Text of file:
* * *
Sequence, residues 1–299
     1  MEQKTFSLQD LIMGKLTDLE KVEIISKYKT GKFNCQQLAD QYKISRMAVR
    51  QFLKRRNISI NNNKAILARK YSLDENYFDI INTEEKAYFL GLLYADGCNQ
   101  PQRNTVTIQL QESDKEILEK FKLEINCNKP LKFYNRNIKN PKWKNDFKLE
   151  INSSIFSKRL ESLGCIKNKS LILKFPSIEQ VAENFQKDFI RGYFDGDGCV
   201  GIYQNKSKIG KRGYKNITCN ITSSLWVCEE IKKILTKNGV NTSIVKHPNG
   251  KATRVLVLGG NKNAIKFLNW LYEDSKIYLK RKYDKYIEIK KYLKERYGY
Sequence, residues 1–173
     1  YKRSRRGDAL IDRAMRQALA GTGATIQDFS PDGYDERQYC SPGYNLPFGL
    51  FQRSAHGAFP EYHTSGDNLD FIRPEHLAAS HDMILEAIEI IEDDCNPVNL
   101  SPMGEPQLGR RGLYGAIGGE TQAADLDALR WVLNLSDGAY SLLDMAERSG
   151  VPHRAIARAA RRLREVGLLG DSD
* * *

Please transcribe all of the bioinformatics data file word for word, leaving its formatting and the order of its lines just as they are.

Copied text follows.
Sequence, residues 1–299
     1  MEQKTFSLQD LIMGKLTDLE KVEIISKYKT GKFNCQQLAD QYKISRMAVR
    51  QFLKRRNISI NNNKAILARK YSLDENYFDI INTEEKAYFL GLLYADGCNQ
   101  PQRNTVTIQL QESDKEILEK FKLEINCNKP LKFYNRNIKN PKWKNDFKLE
   151  INSSIFSKRL ESLGCIKNKS LILKFPSIEQ VAENFQKDFI RGYFDGDGCV
   201  GIYQNKSKIG KRGYKNITCN ITSSLWVCEE IKKILTKNGV NTSIVKHPNG
   251  KATRVLVLGG NKNAIKFLNW LYEDSKIYLK RKYDKYIEIK KYLKERYGY
Sequence, residues 1–173
     1  YKRSRRGDAL IDRAMRQALA GTGATIQDFS PDGYDERQYC SPGYNLPFGL
    51  FQRSAHGAFP EYHTSGDNLD FIRPEHLAAS HDMILEAIEI IEDDCNPVNL
   101  SPMGEPQLGR RGLYGAIGGE TQAADLDALR WVLNLSDGAY SLLDMAERSG
   151  VPHRAIARAA RRLREVGLLG DSD